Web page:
"Promoting Freedom of Expression, particularly the freedom to write and read, is central to the aims of English PEN and for this reason we are hugely keen to encourage as many young people as possible to engage with the importance of Britain's hardest won of human rights, by entering this year's Right Words competition."
English PEN Director, Jonathan Heawood
What to write? - Here are some ideas...
You can write a newspaper article - write an article to express something that you disagree with, or use your imagination to write a story you need to cover for your paper which highlights the freedom of expression being restricted.
You can write a poem - inspired by what you know about freedom of expression and by the pictures and quotes you can see on this site. It could be about the experience of someone defending the freedom of expression, or your own response to what you know about it.
You can write a fictional story - come up with a story where freedom of expression is being restricted; what would it be like, who would complain, and what would happen?
You can write a short dialogue / monologue - imagine you are writing a small part of a play where two people are perhaps talking about an incident where the freedom of expression was restricted. Alternately it could be the thoughts of one person spoken out loud and portrayed through a monologue.
You can write a song / rap - read through some of the material on this website and get inspired to write a song to put both your freedom of expression into practice and maybe say something about expression while you are doing it...
You can supplement your writing with a drawing, painting or collage
Think about restrictions – are there things you think people shouldn't be allowed to say, to talk about, in certain contexts?
Imagine what your life would be like without music, poetry, movies, books, the cinema and newspapers. What would you want to say to the world if you were denied those things? Think about how important it is to be able to express yourself and how you would feel if that ability was taken away from you.
You can choose your own title, but if you can't think of one to start with, have a look at these suggestions. Remembering what you know about freedom of expression, what do they make you think of?
Living without a voice
The illegal writer
Secret messages to the world
There's nothing on the radio anymore
They forgot to ban the internet
The banned newspaper
The government writes the news
Whether they are writing prose or poetry, many people find that the hardest thing is knowing where to start. But the truth is, it doesn't matter! Write something - anything - a first line, it doesn't matter if it's good or not, as it will only get easier – you just need to get yourself going. They're not set in stone, so you can always come back and change them later...
When you're done with your first draft, ask yourself a couple of questions:
Do I really know what my argument is? Could I express it in a single sentence or question?
Have I thought what the counter-arguments might be to what I'm saying, and have I addressed them? (Just imagine you're being interviewed by a really tough, really clever journalist who's trying to pick holes in what you've written.)
Some poems rhyme and some poems don't, some have repetitive rhythms and some are irregular - does the kind of poem you've chosen suit the subject you want to write about best? Read other poems to look at ways other people have used words. How do you want it to sound?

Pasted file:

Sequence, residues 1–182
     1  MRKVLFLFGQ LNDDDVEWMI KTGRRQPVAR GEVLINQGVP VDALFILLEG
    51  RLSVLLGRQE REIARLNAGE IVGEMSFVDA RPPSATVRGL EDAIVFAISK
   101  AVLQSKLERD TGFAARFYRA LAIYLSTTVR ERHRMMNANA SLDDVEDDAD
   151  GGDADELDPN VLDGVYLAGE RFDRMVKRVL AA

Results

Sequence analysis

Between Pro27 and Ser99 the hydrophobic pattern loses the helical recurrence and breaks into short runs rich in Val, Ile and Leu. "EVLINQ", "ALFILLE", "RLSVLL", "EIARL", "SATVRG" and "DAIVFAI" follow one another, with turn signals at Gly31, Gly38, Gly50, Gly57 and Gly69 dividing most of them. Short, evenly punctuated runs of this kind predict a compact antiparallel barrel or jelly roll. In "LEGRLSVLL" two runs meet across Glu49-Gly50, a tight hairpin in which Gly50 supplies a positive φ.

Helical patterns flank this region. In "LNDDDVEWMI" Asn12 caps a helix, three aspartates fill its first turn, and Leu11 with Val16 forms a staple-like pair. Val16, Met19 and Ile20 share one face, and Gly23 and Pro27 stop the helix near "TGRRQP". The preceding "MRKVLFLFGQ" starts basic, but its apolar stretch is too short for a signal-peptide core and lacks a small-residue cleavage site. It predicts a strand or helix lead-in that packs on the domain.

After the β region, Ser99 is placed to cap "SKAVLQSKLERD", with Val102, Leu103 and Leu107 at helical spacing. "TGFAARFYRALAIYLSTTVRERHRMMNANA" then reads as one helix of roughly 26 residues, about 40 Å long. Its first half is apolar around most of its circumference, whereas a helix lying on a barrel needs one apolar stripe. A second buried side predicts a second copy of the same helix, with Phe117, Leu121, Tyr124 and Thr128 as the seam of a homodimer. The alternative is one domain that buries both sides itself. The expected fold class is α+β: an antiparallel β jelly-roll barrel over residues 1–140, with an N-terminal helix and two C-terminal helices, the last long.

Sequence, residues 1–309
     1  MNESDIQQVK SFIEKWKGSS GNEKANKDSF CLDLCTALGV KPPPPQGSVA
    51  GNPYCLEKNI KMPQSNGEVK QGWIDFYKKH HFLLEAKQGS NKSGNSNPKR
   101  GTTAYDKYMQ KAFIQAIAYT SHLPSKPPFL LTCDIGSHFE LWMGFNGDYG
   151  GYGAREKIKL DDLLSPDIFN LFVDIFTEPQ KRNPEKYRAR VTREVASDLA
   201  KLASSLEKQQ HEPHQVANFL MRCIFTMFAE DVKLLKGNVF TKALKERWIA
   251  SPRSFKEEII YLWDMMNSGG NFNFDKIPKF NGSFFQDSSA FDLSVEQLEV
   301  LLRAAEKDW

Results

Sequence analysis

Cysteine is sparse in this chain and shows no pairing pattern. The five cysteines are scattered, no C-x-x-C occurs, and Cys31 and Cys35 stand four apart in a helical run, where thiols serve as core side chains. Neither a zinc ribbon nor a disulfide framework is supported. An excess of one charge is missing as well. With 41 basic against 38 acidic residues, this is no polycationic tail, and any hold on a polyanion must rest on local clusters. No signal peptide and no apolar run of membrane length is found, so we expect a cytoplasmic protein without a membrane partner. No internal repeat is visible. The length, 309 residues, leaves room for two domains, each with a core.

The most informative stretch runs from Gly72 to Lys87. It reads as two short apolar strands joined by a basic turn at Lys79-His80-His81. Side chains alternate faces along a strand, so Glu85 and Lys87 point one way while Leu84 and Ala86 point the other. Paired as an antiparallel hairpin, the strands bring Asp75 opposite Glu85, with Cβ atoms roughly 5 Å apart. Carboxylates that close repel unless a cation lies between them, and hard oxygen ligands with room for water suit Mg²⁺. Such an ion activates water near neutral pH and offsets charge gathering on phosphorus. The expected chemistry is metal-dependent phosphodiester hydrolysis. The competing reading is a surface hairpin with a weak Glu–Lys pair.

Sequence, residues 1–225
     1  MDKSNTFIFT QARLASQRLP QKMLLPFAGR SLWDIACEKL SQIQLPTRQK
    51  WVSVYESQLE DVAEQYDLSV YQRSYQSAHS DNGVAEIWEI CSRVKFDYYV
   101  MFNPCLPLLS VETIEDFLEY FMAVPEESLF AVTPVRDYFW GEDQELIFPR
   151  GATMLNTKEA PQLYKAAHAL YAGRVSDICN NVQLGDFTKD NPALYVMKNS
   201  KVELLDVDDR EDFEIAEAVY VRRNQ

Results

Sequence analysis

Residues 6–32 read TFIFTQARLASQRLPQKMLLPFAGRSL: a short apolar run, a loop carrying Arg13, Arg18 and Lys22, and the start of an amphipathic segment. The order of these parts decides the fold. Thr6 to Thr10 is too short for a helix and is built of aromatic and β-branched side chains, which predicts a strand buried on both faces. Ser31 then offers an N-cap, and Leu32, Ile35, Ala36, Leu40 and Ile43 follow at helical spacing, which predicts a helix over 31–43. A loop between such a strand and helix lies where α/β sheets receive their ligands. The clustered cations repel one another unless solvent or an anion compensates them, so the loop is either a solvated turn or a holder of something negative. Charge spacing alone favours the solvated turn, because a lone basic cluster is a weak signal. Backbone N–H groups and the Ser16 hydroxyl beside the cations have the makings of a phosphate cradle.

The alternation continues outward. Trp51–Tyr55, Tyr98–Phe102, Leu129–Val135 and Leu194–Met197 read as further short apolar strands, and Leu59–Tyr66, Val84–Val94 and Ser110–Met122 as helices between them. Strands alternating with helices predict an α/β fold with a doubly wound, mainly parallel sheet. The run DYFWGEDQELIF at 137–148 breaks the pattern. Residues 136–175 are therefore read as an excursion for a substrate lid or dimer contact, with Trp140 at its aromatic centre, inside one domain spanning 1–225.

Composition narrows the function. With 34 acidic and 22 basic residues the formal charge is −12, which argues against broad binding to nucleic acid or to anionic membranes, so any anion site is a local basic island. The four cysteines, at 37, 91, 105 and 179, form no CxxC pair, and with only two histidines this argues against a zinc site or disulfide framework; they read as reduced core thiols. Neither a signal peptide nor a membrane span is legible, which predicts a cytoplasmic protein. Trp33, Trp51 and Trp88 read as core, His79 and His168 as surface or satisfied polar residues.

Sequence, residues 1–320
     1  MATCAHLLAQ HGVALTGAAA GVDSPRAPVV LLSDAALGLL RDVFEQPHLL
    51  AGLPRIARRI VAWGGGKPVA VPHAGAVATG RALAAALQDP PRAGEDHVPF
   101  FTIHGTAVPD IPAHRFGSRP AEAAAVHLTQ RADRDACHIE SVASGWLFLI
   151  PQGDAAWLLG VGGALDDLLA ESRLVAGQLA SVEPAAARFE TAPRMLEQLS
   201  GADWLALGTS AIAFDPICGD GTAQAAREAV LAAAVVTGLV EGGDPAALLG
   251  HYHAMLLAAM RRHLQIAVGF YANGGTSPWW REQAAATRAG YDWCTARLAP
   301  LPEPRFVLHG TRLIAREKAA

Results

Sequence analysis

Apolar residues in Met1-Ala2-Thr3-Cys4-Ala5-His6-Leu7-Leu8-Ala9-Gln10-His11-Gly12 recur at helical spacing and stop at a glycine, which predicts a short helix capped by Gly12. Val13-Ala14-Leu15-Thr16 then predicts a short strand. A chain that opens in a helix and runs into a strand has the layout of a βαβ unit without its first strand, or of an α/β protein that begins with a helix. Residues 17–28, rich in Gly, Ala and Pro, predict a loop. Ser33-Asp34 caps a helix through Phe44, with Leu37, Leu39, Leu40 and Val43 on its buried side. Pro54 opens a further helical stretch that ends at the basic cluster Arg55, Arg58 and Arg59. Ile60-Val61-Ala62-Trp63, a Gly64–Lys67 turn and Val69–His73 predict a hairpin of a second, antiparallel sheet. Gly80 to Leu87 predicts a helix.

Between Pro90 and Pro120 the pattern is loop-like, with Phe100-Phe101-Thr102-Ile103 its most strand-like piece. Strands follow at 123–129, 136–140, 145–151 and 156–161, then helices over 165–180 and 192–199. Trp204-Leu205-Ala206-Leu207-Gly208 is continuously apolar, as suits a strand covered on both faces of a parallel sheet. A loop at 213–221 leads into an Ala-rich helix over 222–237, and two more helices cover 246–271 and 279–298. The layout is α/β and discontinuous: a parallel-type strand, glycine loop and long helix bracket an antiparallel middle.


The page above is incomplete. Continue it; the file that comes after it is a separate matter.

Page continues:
Read your poem aloud to hear the rhythm and the sounds of the words. Think about alternative words you could use instead. Play with the words and try different combinations. Which version sounds best?
Fictional Story / Dialogue / Monologue:
Is my main character someone I find interesting? (If I don't, no one will!) What makes this person interesting to me, unusual, engaging? Does that come across clearly in my story?
What is it about the story that will make people want to read on? Is there something in the first sentence that will make people curious about the second, something in the first paragraph that will make people want to read on to the next?
Song / Rap:
Writing songs is a bit like writing poetry; though they can be more structured and have verses and a chorus that may stay the same throughout the song. Think about the topic you want to write your song about and develop a rhythm that may best help you reflect the topic.
Advice from Lemn:
Poet Lemn Sissay, writer in residence at the Southbank Centre and one of the previous Right Words competition's judges, has offered these writing tips...
Try writing everyday - no matter how busy you think you are set aside say half an hour (minimum) every day dedicated to writing. Even if you don't know what you are going to write about spend that half hour with pen and paper. You will be rewarded.
Read as much as possible.
Keep a notepad on you to scratch down ideas which you can work on in your daily schedule.
Join a writers' workshop in your area; if you don't like the one you attend, find another. There are writers' workshops everywhere. Doing it on your own is all, but get support and feedback too.
If there was any book I could suggest for your own growth as a writer/artist it is The Artist's Way (Vein of Gold) by Julia Cameron. I use it myself.
Start to see where poetry is. It is around in Valentine's Day, at weddings, on adverts, when there is a war, when someone dies, it's on posters, on statues, in plays, in films, in songs. It is not as hidden as many believe...
The Right Words competition is being run by members of the Human Rights Watch London Network and Philip Cowell (English PEN Readers & Writers Programme Manager) in support of English PEN and Human Rights Watch. The site has been designed by Kate Gallé and developed by Tom Warren.